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BlizzCon 2010: WoW Insider interviews author Richard A. Knaak

Anne Stickney

Not only did we get an interview with Christie Golden here at BlizzCon 2010, we also met up with Richard A. Knaak, author of the World of Warcraft novel Stormrage. Richard sat down with us for a few questions about his work on Stormrage, his work with Blizzard, and his views on the often vocal fan reactions, both positive and negative.

WoW Insider: Richard, thank you for joining us, it's great to meet you! Obviously you did Stormrage earlier this year -- how closely did you work with Blizzard on the book?

Richard A. Knaak
: Everything was back and forth with them. I've been very fortunate from the beginning to work with a group of really fantastic people and I've been able to immerse myself in the game. Mick Neilson, who's the publishing lead right now and Evelyn the lore mistress, between those two especially every one of my questions would be answered quickly and efficiently, with a lot of graphics in case there was something that wasn't visible for me to see on the game.

They sent you screenshots?

I get lots of screenshots -- I see lots of things you won't be able to see for awhile! There's other people like James who works with Mick, he's one of the top publishing people too. And of course Chris [Metzen] has been there from the beginning -- he basically grew up reading my Dragonlance work, that's fantastic to me. Everyone's been great at Blizzard.

The book Stormrage covers a lot of material originally introduced in World of Warcraft. Did you play through the game?

I had been through elements of it, but there were so many things they kept coming to me with that were new. I've been well immersed in it. And god, the graphics get better and better all the time. It's been really fun. And I do as they ask of me for the storylines. So if something disgruntles someone about how the outcome of the story is, you can know that this was discussed thoroughly with myself and the people at Blizzard. They felt that these were the directions to go with things. I know that people would have liked to see more of the Emerald Dream in the game -- I myself was begging for it! They were very happy with how the novel turned out and how it explained quite a bit of what they wanted to do, which I'm very grateful for. They asked me to bring certain characters into the situation that I had not considered they would want to be using, but once they asked about them I said "Okay, that makes perfect sense." They wanted people to recognize a lot of what was going on.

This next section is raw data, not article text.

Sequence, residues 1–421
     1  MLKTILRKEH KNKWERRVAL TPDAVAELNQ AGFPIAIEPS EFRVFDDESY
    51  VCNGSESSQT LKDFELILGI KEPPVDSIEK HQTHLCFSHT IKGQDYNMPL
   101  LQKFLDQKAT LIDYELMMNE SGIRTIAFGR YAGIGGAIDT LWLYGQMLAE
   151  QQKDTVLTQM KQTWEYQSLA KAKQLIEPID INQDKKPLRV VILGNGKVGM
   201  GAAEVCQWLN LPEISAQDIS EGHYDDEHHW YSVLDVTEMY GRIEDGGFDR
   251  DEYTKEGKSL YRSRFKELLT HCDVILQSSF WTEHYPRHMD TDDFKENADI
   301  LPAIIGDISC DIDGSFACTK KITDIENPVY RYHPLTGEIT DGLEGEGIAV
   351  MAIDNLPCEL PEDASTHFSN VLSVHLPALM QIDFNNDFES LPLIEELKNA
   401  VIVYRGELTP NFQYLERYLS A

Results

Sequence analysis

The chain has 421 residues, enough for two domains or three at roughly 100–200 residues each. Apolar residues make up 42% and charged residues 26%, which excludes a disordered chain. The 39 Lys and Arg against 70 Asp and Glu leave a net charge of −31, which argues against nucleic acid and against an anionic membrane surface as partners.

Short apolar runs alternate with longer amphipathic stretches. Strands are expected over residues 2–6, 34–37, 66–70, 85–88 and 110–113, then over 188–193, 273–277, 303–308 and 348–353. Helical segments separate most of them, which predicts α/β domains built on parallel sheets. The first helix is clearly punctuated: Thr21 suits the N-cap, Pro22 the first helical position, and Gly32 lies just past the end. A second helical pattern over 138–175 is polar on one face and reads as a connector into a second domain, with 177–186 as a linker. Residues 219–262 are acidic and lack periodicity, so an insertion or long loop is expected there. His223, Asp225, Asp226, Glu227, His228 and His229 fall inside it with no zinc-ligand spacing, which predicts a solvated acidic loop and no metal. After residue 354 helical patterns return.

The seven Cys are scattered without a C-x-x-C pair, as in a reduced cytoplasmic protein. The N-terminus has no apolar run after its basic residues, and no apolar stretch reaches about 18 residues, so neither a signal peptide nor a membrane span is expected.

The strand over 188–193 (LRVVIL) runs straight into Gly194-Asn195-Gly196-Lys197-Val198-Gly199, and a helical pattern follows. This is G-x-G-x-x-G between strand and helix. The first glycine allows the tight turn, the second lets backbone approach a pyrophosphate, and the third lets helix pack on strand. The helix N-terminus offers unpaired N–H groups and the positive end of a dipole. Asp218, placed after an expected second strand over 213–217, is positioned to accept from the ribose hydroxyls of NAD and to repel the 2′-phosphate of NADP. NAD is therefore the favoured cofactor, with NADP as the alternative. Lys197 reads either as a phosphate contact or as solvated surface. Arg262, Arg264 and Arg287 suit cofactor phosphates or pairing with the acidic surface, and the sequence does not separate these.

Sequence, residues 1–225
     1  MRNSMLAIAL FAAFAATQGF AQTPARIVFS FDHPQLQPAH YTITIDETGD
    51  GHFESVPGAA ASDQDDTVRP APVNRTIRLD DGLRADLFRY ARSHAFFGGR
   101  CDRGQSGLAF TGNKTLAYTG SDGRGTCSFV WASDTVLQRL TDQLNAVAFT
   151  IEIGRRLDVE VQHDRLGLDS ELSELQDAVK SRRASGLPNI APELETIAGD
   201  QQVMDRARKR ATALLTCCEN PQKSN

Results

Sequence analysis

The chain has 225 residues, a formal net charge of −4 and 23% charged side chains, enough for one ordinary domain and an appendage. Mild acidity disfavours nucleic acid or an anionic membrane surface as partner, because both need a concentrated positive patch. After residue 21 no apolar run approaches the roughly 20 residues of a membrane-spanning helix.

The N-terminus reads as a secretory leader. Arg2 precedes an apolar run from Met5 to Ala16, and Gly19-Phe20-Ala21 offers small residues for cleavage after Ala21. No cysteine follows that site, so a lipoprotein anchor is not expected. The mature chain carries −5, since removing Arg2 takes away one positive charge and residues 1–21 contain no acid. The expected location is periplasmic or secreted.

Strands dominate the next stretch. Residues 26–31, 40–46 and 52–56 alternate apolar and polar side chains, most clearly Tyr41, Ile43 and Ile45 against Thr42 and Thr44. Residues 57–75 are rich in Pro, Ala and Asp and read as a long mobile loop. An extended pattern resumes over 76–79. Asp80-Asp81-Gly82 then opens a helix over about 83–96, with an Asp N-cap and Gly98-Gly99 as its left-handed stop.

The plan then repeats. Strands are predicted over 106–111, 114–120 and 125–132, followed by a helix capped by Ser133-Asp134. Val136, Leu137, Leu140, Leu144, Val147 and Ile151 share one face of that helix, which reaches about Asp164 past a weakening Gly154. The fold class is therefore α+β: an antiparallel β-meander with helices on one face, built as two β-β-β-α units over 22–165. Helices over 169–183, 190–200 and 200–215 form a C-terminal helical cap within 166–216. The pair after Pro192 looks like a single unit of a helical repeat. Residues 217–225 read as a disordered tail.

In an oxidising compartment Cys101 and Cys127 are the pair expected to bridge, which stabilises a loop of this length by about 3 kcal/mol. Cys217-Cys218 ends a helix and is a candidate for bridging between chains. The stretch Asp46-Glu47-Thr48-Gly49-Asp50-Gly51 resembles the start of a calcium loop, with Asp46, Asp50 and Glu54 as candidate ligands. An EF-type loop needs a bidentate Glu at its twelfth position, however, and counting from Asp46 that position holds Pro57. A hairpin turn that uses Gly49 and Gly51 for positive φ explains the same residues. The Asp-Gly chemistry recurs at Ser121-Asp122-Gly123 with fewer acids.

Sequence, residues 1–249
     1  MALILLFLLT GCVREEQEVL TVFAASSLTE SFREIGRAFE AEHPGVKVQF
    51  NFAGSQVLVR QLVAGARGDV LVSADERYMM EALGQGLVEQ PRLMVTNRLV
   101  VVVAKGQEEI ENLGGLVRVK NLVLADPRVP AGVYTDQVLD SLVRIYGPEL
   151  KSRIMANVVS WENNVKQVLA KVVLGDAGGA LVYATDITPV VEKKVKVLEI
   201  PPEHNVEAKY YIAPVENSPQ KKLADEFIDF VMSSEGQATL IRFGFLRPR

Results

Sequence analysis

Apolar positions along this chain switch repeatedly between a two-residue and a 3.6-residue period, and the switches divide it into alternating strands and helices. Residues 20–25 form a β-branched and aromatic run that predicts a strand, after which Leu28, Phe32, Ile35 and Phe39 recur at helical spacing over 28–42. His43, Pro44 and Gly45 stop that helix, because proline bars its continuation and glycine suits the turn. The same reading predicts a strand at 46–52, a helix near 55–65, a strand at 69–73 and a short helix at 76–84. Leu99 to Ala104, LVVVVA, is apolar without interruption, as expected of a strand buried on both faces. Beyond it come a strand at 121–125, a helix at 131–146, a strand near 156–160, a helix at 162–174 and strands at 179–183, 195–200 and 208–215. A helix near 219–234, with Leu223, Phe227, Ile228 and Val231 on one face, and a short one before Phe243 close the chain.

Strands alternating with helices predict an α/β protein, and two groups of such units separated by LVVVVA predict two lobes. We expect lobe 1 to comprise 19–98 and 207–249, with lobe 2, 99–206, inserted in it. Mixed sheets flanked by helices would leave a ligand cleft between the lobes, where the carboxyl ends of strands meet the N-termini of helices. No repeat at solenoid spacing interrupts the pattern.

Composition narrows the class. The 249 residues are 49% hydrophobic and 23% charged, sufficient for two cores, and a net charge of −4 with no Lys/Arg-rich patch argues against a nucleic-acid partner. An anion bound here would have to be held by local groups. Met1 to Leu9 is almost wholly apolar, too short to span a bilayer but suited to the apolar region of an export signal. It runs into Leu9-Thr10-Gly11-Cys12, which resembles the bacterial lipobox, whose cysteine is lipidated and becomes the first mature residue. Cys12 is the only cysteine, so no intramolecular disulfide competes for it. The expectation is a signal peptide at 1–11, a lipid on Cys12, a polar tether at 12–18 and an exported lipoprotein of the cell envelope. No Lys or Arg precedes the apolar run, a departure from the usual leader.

Stormrage overall has been one of the most in-depth experiences yet. Although that will obviously change as time goes on, because every time the new stuff comes out -- I mean Cataclysm, let's face it, everything you knew is no longer what you knew – so there's going to be quite a bit of fun going back to places that are not quite the same anymore.

So far your focus has mostly been on Alliance -- you've had Broxigar, you've had Thura and of course all the tauren druids. Would you like to write more from the Horde perspective?

Oh I enjoy both sides -- if you've noticed the manga series, I have Trag, the first tauren deathknight as he turned out to be. I was very happy to see him in game -- I love Rhonin and Vereesa and all those characters but I've always had this thing for minotaurs. And when I came up with Trag for the second volume of the Sunwell Trilogy, I couldn't let go of him!

He shows up in Warcraft Legends later!

That's the thing -- I told them I needed to do another story and I told them what I wanted to do and they were fascinated by that. Tauren alone is a reason for me to do horde. I play a tauren, they're my favorites. I do like a lot of the more traditional aspects of the orcs. Broxigar was a terrific character for me, he was my creation and he just took on a life of his own. He had that essence about him, I was surprised at how much I got out of him. And when it came for him to do what he had to do at the end of War of the Ancients, it just made perfect sense that he be doing it.